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Merton Beauty

Origin and History

Merton Beauty was raised in 1933 by M B Crane at the John Innes Institute in Surrey but not introduced commercially until 1962. A sweet eating apple, Merton Beauty is a cross between Cox's Orange Pippin and Ellison's Orange and inherits its rich aniseed undertones from the latter.


Merton Beauty is often described as a 'neat-looking' apple - the fruit is small to medium in size and flat, round and very regular in shape. The skin is pale green-yellow, flushed and spotted bright red with darker indistinct stripes, flecks and patches of russet. The lenticels are small and inconspicuous and the apple feels smooth and dry to the touch. The aromatic flesh is firm, creamy-white and juicy.  

Picking, Storing and Using

Merton Beauty should be picked during September and early October and is best eaten fresh - it can develop a rather medicinal taste if stored.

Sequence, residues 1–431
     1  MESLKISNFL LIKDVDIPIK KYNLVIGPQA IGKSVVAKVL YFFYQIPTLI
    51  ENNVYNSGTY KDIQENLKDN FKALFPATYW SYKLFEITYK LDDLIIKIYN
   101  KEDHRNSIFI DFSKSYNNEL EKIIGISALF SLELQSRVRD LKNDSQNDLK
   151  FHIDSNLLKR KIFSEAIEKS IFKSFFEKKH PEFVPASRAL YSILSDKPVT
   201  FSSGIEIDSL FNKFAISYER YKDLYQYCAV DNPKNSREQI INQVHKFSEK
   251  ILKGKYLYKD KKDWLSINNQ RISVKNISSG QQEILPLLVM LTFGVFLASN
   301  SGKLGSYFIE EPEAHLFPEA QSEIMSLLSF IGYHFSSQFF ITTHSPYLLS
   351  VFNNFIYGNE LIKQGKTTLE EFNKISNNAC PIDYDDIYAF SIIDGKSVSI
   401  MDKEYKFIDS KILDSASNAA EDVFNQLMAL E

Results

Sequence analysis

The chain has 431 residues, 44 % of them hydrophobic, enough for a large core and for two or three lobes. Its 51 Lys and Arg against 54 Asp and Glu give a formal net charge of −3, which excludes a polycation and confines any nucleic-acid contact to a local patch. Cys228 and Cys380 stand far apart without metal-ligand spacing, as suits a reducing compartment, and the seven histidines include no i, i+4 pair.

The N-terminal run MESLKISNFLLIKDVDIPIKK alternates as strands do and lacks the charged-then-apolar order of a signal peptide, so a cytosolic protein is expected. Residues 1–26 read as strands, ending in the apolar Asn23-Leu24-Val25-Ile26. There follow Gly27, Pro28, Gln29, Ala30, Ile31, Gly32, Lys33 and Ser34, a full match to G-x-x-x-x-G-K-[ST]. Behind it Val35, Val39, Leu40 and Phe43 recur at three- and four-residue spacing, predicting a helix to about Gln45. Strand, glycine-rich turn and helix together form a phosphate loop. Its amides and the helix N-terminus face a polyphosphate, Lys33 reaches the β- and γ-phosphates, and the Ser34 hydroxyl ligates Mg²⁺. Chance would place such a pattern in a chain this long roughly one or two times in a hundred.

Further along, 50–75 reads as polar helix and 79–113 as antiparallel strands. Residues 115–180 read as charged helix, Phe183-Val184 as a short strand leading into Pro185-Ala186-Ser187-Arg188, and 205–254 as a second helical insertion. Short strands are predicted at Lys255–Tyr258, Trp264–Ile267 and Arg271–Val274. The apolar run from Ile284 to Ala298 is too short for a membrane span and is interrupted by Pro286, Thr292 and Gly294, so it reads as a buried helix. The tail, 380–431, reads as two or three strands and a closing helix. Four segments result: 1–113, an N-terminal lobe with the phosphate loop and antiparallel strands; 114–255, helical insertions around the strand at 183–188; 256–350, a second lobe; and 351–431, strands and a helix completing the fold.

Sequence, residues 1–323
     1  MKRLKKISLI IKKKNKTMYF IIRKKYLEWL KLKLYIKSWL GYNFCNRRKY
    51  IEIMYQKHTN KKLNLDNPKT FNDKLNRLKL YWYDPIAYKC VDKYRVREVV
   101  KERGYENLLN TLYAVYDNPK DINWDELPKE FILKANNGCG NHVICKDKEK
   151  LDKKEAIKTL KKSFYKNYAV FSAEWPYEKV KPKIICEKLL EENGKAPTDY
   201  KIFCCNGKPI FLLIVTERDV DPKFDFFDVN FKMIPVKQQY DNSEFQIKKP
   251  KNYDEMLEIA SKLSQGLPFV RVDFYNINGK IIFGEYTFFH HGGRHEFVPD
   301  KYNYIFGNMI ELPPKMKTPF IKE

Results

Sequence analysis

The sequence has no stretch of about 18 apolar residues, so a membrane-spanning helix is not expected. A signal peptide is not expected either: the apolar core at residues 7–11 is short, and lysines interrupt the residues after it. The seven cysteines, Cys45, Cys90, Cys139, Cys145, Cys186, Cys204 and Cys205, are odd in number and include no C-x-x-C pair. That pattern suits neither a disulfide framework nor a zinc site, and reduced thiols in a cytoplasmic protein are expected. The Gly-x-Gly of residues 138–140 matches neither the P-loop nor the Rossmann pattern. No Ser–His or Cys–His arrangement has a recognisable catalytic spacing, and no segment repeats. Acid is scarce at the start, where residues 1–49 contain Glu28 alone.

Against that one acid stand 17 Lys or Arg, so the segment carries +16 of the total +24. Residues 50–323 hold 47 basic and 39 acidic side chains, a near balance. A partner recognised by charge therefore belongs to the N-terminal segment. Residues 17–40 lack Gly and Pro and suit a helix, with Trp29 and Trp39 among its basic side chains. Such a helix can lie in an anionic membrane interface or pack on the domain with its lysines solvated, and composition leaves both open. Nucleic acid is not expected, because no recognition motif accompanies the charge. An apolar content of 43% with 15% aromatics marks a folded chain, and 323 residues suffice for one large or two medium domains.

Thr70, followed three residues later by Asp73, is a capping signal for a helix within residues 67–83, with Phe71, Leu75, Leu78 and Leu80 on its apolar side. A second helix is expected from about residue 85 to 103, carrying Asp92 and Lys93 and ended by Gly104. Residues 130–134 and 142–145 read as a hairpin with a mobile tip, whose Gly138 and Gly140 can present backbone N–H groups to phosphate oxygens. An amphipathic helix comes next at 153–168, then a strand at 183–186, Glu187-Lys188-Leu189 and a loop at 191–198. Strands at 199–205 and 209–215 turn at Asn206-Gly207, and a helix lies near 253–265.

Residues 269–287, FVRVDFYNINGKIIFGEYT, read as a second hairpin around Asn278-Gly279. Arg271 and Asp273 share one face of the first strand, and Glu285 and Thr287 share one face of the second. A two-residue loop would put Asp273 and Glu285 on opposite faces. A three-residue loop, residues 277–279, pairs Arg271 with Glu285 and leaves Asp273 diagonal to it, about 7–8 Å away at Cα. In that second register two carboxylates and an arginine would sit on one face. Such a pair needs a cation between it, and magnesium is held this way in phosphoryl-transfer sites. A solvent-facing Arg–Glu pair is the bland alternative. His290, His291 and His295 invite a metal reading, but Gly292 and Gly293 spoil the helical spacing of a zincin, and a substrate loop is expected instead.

Merton Beauty apple
Staff at Merton Park's John Innes Institute

Growth, Flowering and Pollination

The tree is upright and spreading, moderately vigorous and a good cropper. Merton Beauty flowers late and is self-sterile; it needs a pollinator such as Allington Pippin, Annie Elizabeth or Charles Ross to crop.


Copyright © Karen Meadows 2018 


Staff at Merton Park's John Innes Institute photographed in 1929. Morley Benjamin 'M B' Crane is standing fourth from the right. He raised a whole stable of 'Merton' apples, including Merton Delight, Merton Charm and 

Merton Pearmain. 

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